This week is a RB-heavy Top-10. The next 2-4 weeks is that time of year where the RB market still has some viable options that may still be available as free agents or roster depth that fantasy owners are agreeable dealing away. Don't be disturbed by the focus on two defensive options; both sections have implications for popular fantasy options in most leagues.
1. A KC Masterpiece: The Chiefs offense is maximizing its talent, minimizing its limitations
I spent the past 24 hours watching all but two games (Cleveland-Baltimore and Indianapolis-Arizona). My favorite was the tightly contested Chiefs-Eagles game.
I get why Eagles fans love Carson Wentz. Despite the fact that he led NFL quarterbacks in fumbles last year, and his vertical accuracy requires enough work that it may never become a strength of his game, Wentz is a tough, resourceful, and athletic quarterback who can keep hope alive.
I'm also thankful that Philadelphia returned to a 4-3 defense last year. It's a joy to see Brandon Graham free to do what he does so well (My IDP dynasty squads with Graham and former Chargers 3-4 prisoner, Melvin Ingram, are mighty thankful). This Eagles duo were two of many reasons I enjoyed this game, but the primary reason was the Chiefs offense and the intelligence of the coaching staff to build a strategy that maximizes the strengths of Tyreek Hill, Kareem Hunt, and Alex Smith while minimizing their weaknesses.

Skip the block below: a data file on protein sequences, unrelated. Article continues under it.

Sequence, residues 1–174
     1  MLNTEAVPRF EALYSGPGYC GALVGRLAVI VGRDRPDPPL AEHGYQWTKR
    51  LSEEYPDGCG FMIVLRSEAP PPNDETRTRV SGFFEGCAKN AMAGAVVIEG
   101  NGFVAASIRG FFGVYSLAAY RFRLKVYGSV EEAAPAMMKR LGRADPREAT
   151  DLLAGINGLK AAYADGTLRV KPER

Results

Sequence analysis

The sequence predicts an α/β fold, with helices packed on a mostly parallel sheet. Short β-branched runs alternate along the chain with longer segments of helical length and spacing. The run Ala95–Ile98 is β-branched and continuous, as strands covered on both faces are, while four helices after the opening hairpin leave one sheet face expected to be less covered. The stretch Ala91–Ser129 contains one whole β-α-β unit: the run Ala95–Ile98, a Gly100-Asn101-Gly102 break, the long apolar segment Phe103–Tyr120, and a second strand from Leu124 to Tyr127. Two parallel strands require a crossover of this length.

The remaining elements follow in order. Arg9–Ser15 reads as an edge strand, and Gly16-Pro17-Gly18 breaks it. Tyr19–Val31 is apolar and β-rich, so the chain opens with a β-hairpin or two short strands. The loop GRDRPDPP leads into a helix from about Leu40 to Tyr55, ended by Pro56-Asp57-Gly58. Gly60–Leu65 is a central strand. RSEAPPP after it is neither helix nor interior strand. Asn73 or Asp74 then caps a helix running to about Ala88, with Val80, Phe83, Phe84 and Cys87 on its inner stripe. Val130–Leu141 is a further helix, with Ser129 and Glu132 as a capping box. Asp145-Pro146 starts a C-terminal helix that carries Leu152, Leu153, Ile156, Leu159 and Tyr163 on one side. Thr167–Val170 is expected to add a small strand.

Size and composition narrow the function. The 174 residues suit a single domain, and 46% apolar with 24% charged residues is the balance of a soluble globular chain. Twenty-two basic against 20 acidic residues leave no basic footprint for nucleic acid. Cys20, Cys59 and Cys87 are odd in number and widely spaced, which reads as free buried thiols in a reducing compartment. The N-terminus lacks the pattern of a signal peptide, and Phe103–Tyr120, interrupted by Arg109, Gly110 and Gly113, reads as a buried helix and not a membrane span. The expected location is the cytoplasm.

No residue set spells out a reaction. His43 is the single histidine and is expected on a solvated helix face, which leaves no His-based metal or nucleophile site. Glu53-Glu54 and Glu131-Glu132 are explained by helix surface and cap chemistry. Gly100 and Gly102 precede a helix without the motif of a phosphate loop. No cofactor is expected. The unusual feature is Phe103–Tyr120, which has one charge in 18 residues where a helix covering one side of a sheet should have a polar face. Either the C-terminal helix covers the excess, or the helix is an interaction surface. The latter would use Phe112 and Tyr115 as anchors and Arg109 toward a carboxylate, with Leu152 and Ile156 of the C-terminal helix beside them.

It means that Hunt will remain a for-real fantasy threat for as long as the Chiefs can maintain this scheme without defenses foiling it and forcing conventional looks that require a running back to pass protect. It also means that Smith has a strong shot of remaining a viable boom-bust fantasy starter with a relatively high floor.
It begins with Smith, who has never been an aggressive passer but has been taking successful shots early on. While there's a fun narrative that Patrick Mahomes' presence is motivating Smith to take more chances because the rookie is pushing for playing time if Smith falters, I don't think it's a valid storyline.
Chiefs writers have been detailing Smith's progress with the vertical game for the past 3-4 years and concluded that he was quietly improving in this area before 2016. If Smith's work during the past two weeks is more notable, take a look at the Chiefs' scheme.
Andy Reid and his staff have learned that Smith is a hesitant down-field thrower. From my observation, Smith has been less likely to take vertical shots if the route is not his first read and it's a timing route in a progression. He likes to make absolutely sure the player is open.
Unfortunately, the time Smith takes between seeing the necessary information to release the ball and actually begin his release is the equivalent of a cautious kid at pool's edge saying to his friends, "Are you sure the water's warm?... Are you really sure?...Really really sure?"